Mishra adds in counterpoint, “it would be untenable to deny that there are diverse reckonings with issues of class, race, religion and gender, and a bracingly ambivalent relationship with nationalism and global capitalism, in the work of Nadeem Aslam, Teju Cole, Hisham Matar, Tash Aw, Tan Twan Eng, Kamila Shamsie, Mohammed Hanif, Damon Galgut, Tahmima Anam, Zoë Wicomb, Laila Lalami, Helon Habila, Aminatta Forna and Pettina Gappah.”
The arguments are at once familiar and surprising.
Familiar in that both assert authority on what the African=Asian=global=postcolonial scribe is supposed to write , and surprising because there is, in 2013, still so much paternalistic concern about what said authors choose to document or imagine. Both Mishra and Hensher fear the bully power they believe the ugly Americans will introduce in next year’s Man Booker race, even as they put their own dukes up, strong arming the idea of what constitutes “meaningful” literature from the postcolonial world.
Mishra and Hensher essentially agree that global literature means something when it “focus[es] public attention on social, economic and political ills”; when it is nationally and historically specific; when it defies the myths and legends supplied by the imperialist power signing the prize check. To follow this strand, literature that is not deemed to perform this function is meaningless.
One of the most frustrating things about being a person–let alone a culture creator and bearer–that does not trace her or his roots to the once sunset-less British empire or “The West” in general is being trapped within a discourse you did not start whose resolution nevertheless has high stakes for your well-being. The patronizing pattern of imperialism is endlessly repeated as the fate of the children of the colonized is decided by bickering superpower parents or their proxies.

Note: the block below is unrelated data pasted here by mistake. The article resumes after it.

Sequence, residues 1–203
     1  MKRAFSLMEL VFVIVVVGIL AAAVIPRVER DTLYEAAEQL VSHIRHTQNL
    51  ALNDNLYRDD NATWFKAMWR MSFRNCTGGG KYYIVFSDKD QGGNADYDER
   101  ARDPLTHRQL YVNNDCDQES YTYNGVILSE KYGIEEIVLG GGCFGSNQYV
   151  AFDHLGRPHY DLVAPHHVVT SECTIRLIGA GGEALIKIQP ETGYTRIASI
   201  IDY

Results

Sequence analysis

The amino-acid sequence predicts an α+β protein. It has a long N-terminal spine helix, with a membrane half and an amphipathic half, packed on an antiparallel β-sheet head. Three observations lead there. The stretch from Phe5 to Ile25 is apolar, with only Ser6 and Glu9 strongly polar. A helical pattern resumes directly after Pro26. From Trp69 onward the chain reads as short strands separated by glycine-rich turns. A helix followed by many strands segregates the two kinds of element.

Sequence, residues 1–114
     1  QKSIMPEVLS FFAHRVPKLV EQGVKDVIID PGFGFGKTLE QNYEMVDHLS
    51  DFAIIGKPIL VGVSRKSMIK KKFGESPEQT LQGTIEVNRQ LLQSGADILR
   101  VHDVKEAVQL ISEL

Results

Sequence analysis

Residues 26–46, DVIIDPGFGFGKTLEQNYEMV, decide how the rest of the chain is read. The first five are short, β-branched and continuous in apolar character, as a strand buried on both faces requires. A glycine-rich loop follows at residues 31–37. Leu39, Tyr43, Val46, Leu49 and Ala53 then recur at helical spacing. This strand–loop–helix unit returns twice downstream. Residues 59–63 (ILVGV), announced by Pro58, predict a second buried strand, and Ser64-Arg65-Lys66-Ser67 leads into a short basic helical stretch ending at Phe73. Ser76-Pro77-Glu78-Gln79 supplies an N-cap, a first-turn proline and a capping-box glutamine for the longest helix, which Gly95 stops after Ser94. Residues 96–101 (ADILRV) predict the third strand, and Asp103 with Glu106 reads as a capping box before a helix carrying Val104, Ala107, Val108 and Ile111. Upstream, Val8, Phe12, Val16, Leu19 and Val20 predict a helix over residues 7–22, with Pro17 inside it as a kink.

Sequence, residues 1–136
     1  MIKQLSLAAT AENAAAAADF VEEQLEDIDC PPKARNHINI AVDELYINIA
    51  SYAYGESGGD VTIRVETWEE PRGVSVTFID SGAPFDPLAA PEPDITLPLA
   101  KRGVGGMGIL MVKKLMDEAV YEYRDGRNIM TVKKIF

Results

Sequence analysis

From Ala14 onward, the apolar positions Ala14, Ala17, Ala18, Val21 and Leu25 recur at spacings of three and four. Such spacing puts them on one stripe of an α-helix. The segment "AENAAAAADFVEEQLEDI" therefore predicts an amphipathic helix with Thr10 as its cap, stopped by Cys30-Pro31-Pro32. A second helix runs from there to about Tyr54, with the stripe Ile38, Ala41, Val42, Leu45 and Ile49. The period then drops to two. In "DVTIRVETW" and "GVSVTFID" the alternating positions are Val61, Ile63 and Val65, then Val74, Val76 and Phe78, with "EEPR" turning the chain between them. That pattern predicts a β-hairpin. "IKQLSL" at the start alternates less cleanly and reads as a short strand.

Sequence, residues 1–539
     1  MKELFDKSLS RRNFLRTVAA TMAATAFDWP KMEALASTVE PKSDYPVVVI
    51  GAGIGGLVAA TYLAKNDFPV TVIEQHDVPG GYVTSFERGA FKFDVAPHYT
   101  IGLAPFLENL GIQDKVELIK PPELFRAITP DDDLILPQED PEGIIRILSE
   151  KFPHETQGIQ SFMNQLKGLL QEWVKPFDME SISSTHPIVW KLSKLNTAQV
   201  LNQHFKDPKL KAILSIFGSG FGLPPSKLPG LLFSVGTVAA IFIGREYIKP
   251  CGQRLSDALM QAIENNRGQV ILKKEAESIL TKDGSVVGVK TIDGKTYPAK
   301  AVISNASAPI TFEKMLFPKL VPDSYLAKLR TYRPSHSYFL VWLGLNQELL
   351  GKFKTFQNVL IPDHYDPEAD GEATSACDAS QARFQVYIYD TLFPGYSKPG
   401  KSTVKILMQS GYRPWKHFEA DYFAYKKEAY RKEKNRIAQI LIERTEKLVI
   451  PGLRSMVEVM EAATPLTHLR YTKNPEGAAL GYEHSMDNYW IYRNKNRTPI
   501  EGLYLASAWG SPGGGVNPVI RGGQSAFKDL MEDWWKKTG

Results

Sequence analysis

Mishra and Hensher mean well. Both aim to protect the children from the parents as it were, but they are patronizing all the same and leave little room for the subversion that emerges from the “apolitical and borderless cosmos.”
Here’s where I get paternalistic and insert my own strand into the discourse.
Subversion takes on many forms and by virtue of its definition requires some stealth. Some African-Americans enslaved in the antebellum United States, for example, broke their tools to undermine productivity on the plantations they were forced to work. Likewise, the novel that does not explicitly (or implicitly) address the “terror of war and the horror of peace” is in effect subverting expectations, daring to preoccupy itself with matters meaningful to itself, challenging Western readers to inhabit a universe that is not familiarly foreign, if that makes sense. Like readers that originate outside of Europe or the US, Western consumers of African=Asian=global=postcolonial literature must endeavor to enter a world that challenges preconceptions, or confirms them. They must exercise the muscle of their imagination and do the work of researching strange phrases and idioms. They must (gasp) separate the baggage of history and politics from the humanity, and put themselves in the characters’ shoes. After all, isn’t the “global novel” a human novel too?